A little disclaimer…
First off, let me just say that I am not the highest authority on how to cut sugar out of your life. My sweet tooth may be worse than some of yours. Last Saturday I had a milk shake for dinner. Today I had a berry crumble bar for lunch (with a latte for at least a little protein). But on a day-to-day basis I don’t eat much refined sugar. I might have some dark chocolate for week-night desserts, but I’m pretty good about saving the true sweet for a weekend treat.
But I have a friend who has been in an off and on commitment with soda for years. Free access to the Bistro Starbucks drinks at the hotel? White chocolate mocha all the way – for both of us. (Unless it’s pumpkin spice season. Then give me all the seasonal goodness.)
I managed to cut out soda years ago, thanks to inspiration from my brother Matt. But my friend hasn’t had the added motivation of a sibling going through the same process. And it finally got to the point that after a really painful cavity, her dentist told her she has to cut back on sugar for the sake of her teeth. So these were the suggestions that I gave her.
Ways to cut back on sugar
Fruit can be a better option since some of the sugar is bound up with the fiber and not as available until later during digestion.
Yogurt – though watch out for the super sugary ones. It’ll have some sugar naturally from the lactose, and that shouldn’t affect your health. What I like to do is find the plain flavor of a brand and see how much sugar it has (because that will only be naturally-occurring lactose) and then compare it to one of the flavored ones… however much more sugar is in the flavored yogurt would all be added sugar. But soon they’ll be changing nutrition labels to spell that out for you.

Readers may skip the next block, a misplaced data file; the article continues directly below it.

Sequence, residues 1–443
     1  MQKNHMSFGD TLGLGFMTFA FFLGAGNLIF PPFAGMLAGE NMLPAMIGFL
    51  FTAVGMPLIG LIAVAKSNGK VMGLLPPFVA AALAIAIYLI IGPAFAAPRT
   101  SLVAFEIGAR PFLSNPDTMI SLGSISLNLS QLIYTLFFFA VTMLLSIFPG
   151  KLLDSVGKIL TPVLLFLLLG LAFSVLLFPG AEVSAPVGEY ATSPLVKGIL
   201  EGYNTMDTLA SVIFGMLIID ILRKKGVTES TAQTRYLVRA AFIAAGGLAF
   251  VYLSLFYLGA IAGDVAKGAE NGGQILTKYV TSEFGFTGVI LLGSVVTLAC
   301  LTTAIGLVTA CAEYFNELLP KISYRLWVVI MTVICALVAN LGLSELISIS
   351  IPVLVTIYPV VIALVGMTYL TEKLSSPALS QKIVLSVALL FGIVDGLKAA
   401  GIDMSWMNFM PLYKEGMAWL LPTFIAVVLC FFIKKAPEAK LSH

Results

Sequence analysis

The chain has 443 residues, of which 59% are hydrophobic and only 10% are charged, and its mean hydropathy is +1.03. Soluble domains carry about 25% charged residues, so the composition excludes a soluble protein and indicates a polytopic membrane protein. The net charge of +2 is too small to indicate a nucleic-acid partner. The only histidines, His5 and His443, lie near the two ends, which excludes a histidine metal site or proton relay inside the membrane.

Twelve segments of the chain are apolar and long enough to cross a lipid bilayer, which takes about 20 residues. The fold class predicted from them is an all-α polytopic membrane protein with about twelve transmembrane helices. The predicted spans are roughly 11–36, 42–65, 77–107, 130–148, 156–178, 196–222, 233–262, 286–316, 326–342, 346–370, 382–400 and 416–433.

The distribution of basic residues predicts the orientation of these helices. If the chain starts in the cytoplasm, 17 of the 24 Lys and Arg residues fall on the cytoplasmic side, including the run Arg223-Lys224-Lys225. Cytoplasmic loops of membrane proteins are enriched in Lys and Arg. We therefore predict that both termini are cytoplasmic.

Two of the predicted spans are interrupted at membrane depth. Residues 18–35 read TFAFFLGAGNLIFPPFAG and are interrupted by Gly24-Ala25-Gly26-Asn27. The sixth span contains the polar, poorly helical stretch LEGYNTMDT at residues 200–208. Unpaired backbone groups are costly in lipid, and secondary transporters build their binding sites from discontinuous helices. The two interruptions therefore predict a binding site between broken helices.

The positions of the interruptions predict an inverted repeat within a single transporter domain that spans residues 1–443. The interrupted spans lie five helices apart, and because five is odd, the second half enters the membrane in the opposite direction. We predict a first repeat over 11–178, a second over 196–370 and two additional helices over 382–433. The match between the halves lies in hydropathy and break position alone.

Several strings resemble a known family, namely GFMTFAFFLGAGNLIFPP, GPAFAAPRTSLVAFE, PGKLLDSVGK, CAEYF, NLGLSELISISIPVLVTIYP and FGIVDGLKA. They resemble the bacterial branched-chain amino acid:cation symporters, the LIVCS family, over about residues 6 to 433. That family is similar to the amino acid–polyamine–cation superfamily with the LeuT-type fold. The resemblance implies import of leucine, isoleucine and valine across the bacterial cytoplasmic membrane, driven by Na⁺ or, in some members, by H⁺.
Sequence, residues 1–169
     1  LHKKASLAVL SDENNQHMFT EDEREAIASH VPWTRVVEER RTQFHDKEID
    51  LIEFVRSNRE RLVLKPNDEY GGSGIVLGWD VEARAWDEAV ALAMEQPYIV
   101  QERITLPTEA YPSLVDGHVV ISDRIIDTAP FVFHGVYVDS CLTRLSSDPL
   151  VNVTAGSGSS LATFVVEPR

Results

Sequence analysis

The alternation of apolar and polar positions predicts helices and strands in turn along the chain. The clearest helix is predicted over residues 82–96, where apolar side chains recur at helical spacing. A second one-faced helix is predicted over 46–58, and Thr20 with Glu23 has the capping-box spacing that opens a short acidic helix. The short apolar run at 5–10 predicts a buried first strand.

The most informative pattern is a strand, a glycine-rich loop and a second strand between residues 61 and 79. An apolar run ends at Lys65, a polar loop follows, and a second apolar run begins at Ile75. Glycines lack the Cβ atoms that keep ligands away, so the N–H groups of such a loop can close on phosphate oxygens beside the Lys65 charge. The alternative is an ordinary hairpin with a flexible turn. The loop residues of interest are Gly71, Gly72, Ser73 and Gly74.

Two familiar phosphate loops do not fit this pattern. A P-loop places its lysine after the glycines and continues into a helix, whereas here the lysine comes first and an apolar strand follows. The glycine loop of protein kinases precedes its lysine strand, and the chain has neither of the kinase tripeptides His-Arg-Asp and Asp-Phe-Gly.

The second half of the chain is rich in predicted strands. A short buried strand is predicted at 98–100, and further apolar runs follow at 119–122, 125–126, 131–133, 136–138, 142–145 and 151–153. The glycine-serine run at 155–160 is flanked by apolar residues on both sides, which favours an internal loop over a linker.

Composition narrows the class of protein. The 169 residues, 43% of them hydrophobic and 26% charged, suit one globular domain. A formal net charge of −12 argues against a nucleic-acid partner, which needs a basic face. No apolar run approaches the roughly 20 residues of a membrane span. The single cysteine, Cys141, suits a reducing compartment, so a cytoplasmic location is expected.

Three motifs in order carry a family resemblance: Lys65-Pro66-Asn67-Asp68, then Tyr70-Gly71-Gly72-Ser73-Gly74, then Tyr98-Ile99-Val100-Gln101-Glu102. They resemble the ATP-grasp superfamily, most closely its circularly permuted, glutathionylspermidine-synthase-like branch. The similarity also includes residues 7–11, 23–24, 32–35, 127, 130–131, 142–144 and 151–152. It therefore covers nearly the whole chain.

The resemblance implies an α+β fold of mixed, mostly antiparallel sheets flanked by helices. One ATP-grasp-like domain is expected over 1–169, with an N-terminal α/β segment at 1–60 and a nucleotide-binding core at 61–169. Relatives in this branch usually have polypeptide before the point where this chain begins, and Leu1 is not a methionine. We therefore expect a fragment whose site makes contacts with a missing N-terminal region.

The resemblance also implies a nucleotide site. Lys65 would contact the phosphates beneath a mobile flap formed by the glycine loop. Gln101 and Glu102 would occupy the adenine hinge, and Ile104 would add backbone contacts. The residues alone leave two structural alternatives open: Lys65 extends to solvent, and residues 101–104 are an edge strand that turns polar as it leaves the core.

Coffee with cream, if you’re missing the energy jolt – just don’t add syrups or sugar. I like stevia pretty well. Or I’ll do flavored coffee grounds with cream and stevia.
Try flavored sparkling water if you miss the carbonation. Just don’t expect it to be sweet because you will be disappointed! Target has a tropical cherry flavored sparkling water that tastes like an unsweetened soda. It’s delightful. Or there’s always the brand Xevia if you get really desperate for a soda fix – it’s like soda but sweetened with stevia. Just don’t let it become too much of a crutch.
You can dilute juice with water for a little while as a step down…
And unfortunately really paying attention to your sugar intake means paying close attention to nutrition labels. Even peanut butter brands like to sneak some sugar in their products.